Getting a UCAS reference
A reference letter is one part of the UCAS application required for applying to university. Your reference is an example of your integrity, capability and character, working similarly to a recommendation letter.
Why do I need a reference?
The reference helps assess your suitability for university study in general, as well as for the specific degree you’ve applied for. It should support the information in your personal statement and will be used by Admissions staff to help distinguish you from other applicants.
Who should I choose to be my reference?
Your reference should be someone who knows you academically and can talk about your work ethic, interaction with other students and your suitability for higher education or a future career.
If you’re still at school or have recently left college, your tutor, teacher or principal could be a good reference.
If you left education years ago, ask an employer, supervisor or trainer.
Don’t ask family, friends, partners or ex partners though - this could result in your application being cancelled.
Only one reference is needed for a UCAS undergraduate application.
How do I get my reference?
This process depends on how you’re applying.
If you’re applying through a school, college or other educational institution, your referee e.g. your teacher or head of year will complete your reference for you and send it to UCAS.
Students don’t usually see their reference, so you don’t have to do anything at this point. Your school or college will let you know how and when to pay your application fee, then they’ll send your application.
If you’re applying as an individual, you can still ask a school, college or other institution e.g. your former school for a reference. Just go to the ‘Options’ section on the reference page of your UCAS application and click ‘Ask a registered school, college or centre to write a reference’. Make sure you contact them first, then enter their details here.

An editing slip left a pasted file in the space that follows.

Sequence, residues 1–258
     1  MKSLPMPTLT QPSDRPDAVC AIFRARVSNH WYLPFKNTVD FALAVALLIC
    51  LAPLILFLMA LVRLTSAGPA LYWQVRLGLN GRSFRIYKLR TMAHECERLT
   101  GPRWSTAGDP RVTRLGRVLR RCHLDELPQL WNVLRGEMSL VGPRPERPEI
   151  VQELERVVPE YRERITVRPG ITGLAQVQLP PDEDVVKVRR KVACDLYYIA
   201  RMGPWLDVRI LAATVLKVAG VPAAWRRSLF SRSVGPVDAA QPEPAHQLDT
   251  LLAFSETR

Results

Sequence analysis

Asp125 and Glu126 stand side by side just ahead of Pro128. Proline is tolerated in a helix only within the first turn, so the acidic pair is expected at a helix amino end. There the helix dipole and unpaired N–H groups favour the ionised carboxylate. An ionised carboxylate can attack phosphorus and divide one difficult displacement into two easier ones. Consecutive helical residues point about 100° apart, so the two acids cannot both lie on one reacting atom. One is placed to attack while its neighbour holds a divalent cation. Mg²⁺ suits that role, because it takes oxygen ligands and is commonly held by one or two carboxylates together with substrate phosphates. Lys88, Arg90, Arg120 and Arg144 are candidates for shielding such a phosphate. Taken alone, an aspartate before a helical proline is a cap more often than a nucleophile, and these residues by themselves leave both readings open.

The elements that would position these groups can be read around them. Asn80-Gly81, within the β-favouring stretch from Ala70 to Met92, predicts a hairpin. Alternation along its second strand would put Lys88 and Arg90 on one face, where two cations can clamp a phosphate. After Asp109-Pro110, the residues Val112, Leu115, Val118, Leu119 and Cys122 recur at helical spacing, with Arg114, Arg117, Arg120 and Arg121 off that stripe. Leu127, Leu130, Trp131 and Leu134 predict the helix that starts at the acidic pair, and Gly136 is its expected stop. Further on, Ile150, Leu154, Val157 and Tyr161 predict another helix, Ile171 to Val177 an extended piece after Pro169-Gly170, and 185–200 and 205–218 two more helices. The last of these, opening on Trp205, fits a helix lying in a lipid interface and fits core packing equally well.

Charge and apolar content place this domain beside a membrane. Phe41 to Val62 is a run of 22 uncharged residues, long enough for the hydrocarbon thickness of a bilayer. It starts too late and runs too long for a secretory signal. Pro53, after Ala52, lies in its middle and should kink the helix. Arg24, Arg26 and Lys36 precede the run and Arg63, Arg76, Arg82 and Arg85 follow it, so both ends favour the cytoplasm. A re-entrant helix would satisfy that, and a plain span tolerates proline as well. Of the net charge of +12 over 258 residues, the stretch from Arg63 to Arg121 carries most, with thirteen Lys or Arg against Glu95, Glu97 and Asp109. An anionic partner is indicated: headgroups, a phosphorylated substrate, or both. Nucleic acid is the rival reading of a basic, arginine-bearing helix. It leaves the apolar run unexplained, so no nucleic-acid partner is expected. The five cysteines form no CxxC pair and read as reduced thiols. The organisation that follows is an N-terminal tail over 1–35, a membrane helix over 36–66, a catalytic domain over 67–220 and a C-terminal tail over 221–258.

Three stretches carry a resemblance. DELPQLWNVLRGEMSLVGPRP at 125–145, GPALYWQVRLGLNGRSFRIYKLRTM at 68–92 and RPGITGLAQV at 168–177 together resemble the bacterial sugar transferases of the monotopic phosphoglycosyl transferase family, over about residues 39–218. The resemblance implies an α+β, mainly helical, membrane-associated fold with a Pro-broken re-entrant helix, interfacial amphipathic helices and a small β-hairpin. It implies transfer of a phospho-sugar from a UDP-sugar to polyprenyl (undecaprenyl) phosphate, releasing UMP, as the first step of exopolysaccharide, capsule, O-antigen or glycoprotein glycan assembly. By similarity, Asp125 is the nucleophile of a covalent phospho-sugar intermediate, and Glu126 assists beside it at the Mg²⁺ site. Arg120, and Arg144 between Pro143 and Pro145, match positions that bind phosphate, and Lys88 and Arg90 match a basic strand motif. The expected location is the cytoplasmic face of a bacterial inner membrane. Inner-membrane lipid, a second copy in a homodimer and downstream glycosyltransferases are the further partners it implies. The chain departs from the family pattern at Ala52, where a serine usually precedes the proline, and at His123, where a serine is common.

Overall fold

If it’s an employer or supervisor who’s going to write your reference, simply enter their email address and phone number on the reference page of your application, and click ‘Ask referee to complete reference’. Keep in touch with your referee and as soon as they’ve completed your reference you can pay your application fee and send your application.
If asking your former school or previous employer doesn’t apply to you, you can also ask someone to be your referee if you did charity, volunteer or freelance work with them. Using the same application process as if your referee was a previous employer, just enter their contact details into the reference page of your application and click ‘Ask referee to complete reference’. Again, keep in touch with your referee and as soon as they’ve completed your reference you can pay your application fee and send your application.
What should be included in the reference?
It should be a full, written reference that is included in your online UCAS application. Essentially, they’re providing judgement on your suitability for your chosen course.
It might include your career goals and work experience, so make sure to talk to your referee about these first, as well as how well you’ve done in specific modules on course components. They might mention skills you’ve developed from activities outside of education, so make sure they know all the great things you do; from mentoring younger students to building your own computer.
If your referee is one of your teachers, they can add your predicted grades for any pending qualifications you’re currently studying. With your permission, the reference could also include circumstances that have affected your academic work or performance, such as a personal problem, illness or any individual needs you may have. This may include any adverse impact the coronavirus (Covid-19) pandemic has had on your studies or assessments due to illness, personal circumstances or challenges with learning from home.
It will also help your referee write your reference if you let them know what course you are applying for and let them see your personal statement in advance.